reactions before, during and after laser additive
manufacturing in a variety of alloys that gain their
strength by precipitation hardening. In particular,
precipitates emerging during the following steps
Precipitation of Al3(Sc,Zr) during the produc
tion of starting material powder in a
supersaturated Al-Sc alloy.
Precipitation of carbide, boride and a Zr-rich
intermetallic phase during the LAM process,
i.e. during solidification in a Ni-based
superalloy. Similarly, precipitation of Al3(Sc,Zr),
Al6Mn and Mg17Al12 from a supersaturated
Al-Sc alloy during cooling after deposition was
Early stages of Ni3Ti precipitation (Ti–Ti
clustering) during the intrinsic heat treatment
occurring in LMD of a maraging steel.
Precipitation of Ni3Ti, Ni3Mo and Fe7Mo6
during the ageing heat treatment after LAM
in a maraging steel.
These findings reveal that LAM can be used to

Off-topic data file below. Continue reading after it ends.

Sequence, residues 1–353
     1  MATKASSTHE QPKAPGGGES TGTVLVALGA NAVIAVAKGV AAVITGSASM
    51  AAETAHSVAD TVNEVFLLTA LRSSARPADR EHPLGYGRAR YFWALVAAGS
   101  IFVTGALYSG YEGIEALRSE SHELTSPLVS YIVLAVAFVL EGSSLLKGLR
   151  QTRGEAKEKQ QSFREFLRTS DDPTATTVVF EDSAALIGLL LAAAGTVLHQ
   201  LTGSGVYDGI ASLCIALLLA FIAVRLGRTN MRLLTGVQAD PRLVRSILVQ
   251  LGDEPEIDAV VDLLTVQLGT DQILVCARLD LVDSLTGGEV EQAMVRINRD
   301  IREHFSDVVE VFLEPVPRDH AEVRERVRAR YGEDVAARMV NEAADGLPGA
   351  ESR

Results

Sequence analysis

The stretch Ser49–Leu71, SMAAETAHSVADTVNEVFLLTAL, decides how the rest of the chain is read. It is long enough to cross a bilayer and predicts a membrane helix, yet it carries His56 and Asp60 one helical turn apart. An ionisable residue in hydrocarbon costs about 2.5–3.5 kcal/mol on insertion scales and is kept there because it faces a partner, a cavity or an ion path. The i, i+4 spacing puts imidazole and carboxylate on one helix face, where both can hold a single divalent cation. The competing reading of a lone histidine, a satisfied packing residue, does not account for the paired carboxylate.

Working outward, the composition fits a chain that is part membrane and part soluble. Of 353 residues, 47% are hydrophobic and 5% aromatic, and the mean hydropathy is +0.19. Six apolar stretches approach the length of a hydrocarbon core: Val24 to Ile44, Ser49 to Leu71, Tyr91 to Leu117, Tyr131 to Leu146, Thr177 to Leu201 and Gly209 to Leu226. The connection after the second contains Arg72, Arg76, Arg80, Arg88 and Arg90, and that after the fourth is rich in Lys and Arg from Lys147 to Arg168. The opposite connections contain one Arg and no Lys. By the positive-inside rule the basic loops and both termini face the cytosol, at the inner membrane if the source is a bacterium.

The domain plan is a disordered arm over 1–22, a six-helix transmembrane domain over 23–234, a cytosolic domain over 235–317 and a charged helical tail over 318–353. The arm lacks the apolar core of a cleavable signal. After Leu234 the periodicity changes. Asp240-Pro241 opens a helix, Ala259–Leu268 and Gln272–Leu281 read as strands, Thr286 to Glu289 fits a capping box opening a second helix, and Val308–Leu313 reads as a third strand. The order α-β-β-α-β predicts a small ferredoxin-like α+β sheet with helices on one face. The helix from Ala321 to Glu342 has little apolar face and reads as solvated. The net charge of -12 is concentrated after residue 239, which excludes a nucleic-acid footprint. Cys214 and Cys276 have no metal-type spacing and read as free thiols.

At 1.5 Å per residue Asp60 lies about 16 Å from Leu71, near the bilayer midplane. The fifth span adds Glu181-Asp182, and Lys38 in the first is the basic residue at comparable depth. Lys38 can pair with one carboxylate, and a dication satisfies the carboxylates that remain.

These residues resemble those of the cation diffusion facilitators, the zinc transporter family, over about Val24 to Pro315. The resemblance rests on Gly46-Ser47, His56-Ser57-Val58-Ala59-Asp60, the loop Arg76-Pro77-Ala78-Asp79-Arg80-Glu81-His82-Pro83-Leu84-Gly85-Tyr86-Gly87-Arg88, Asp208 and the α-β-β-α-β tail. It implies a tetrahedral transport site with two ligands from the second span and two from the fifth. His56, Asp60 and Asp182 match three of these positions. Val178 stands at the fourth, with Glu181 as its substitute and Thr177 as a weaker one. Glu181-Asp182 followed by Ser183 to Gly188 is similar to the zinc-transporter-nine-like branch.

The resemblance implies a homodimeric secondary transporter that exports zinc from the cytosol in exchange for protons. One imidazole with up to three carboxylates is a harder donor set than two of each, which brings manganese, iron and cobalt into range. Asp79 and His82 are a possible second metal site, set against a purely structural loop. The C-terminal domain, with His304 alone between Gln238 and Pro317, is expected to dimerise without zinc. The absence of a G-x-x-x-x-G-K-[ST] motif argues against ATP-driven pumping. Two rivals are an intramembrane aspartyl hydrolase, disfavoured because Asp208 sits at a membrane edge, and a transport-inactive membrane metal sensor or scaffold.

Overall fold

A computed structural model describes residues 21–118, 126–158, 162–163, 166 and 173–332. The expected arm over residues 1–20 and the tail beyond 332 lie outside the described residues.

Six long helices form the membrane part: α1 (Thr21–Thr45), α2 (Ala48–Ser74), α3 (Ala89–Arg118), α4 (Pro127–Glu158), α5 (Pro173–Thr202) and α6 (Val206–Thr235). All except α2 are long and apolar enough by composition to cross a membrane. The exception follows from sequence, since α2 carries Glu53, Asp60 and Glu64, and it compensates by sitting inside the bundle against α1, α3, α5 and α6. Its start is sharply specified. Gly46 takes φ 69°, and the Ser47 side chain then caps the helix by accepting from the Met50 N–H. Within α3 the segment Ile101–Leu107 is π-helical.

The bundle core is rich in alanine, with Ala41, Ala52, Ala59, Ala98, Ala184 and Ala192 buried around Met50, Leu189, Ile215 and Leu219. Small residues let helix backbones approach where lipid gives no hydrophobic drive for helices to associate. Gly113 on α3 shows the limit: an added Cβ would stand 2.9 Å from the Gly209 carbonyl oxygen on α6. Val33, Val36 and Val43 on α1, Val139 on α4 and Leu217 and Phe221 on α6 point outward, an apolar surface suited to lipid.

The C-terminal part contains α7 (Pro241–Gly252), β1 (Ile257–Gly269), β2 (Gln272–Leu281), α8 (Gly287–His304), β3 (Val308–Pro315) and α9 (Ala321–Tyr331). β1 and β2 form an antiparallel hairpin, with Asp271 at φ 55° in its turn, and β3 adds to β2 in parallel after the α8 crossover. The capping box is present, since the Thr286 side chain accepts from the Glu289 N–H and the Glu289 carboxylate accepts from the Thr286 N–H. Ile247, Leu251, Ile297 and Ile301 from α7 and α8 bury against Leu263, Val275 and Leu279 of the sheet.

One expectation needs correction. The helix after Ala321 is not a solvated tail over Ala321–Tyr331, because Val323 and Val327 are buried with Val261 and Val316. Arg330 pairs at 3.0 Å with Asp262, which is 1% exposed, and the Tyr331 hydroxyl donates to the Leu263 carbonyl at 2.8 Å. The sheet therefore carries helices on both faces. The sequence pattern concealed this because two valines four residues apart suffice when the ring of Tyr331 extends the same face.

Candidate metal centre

produce supersaturated alloys that show
precipitation during age hardening annealing, as intended.
In addition, LAM even provides the potential to
dispense with the need of a post-heat treatment by
exploiting its intrinsic heat treatment. However,
care has to be taken in the production of the powder
and in the choice of process parameters to make
sure that no undesired precipitation reactions occur
in the process chain. Hence, a detailed knowledge of
the thermal profile experienced by the material
before and during LAM, as obtained, e.g., by process
simulations, is necessary.
Open access funding provided by Max Planck
Society (Max Planck Institute for Iron Research).
The authors would like to thank F. Palm, Airbus
Group Innovations, for providing the SLM-produced
Scalmalloy specimens, J. van Humbeeck, KU
Leuven, for providing the SLM-produced maraging
steel specimens and S. Kleber, Bo¨hler Uddeholm
GmbH for providing the conventionally produced
maraging steel (Bo¨hler V720). The support by M.
Kuzmina, P. Ku¨ rnsteiner and S. Ocylok with
experiments is gratefully acknowledged.
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license, and indicate if changes were made.